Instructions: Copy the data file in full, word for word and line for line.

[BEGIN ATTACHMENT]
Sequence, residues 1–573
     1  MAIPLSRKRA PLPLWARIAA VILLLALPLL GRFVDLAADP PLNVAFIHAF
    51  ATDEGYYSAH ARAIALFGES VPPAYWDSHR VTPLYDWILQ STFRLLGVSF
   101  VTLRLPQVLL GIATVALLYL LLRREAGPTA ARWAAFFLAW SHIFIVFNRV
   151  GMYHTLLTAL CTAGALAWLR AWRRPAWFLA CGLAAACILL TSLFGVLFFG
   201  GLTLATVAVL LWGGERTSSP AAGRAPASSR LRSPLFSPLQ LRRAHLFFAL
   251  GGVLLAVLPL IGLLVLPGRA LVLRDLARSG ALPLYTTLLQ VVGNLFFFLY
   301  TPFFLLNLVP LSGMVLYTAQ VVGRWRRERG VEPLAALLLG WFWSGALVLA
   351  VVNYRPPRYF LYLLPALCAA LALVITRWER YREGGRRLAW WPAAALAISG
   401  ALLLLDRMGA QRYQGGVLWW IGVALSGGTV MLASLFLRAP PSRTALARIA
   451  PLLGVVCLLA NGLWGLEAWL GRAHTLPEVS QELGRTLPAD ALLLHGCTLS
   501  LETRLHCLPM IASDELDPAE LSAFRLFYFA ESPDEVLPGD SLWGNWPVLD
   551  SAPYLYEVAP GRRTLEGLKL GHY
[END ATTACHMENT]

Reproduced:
Sequence, residues 1–573
     1  MAIPLSRKRA PLPLWARIAA VILLLALPLL GRFVDLAADP PLNVAFIHAF
    51  ATDEGYYSAH ARAIALFGES VPPAYWDSHR VTPLYDWILQ STFRLLGVSF
   101  VTLRLPQVLL GIATVALLYL LLRREAGPTA ARWAAFFLAW SHIFIVFNRV
   151  GMYHTLLTAL CTAGALAWLR AWRRPAWFLA CGLAAACILL TSLFGVLFFG
   201  GLTLATVAVL LWGGERTSSP AAGRAPASSR LRSPLFSPLQ LRRAHLFFAL
   251  GGVLLAVLPL IGLLVLPGRA LVLRDLARSG ALPLYTTLLQ VVGNLFFFLY
   301  TPFFLLNLVP LSGMVLYTAQ VVGRWRRERG VEPLAALLLG WFWSGALVLA
   351  VVNYRPPRYF LYLLPALCAA LALVITRWER YREGGRRLAW WPAAALAISG
   401  ALLLLDRMGA QRYQGGVLWW IGVALSGGTV MLASLFLRAP PSRTALARIA
   451  PLLGVVCLLA NGLWGLEAWL GRAHTLPEVS QELGRTLPAD ALLLHGCTLS
   501  LETRLHCLPM IASDELDPAE LSAFRLFYFA ESPDEVLPGD SLWGNWPVLD
   551  SAPYLYEVAP GRRTLEGLKL GHY